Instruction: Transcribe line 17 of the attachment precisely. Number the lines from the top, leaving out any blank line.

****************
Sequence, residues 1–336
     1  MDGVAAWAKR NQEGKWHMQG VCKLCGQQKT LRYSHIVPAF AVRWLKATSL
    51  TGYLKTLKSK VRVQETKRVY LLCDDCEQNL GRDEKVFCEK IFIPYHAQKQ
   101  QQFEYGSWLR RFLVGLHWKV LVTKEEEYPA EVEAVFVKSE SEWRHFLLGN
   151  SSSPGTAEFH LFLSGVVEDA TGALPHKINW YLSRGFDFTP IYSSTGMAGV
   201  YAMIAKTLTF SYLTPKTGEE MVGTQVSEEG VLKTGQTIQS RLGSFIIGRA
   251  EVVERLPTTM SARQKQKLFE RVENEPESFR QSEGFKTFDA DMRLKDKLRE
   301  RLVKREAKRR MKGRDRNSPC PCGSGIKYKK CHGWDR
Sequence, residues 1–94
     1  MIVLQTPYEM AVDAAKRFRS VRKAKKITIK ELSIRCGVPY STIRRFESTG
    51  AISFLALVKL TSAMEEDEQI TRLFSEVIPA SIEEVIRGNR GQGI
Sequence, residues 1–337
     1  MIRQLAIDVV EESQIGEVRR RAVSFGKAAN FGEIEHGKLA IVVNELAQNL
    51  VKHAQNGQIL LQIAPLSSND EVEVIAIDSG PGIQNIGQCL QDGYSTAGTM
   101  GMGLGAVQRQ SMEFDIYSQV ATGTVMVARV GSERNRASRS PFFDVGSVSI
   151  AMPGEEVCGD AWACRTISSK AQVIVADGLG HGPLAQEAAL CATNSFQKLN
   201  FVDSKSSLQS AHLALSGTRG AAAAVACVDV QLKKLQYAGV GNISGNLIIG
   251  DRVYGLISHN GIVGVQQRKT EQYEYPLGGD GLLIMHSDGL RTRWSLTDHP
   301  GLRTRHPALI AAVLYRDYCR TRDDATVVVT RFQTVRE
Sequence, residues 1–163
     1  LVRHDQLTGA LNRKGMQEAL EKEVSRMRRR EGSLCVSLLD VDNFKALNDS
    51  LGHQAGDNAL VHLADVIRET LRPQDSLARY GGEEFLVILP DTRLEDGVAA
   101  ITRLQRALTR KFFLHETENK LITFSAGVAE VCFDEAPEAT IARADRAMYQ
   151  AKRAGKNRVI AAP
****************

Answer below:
   201  FVDSKSSLQS AHLALSGTRG AAAAVACVDV QLKKLQYAGV GNISGNLIIG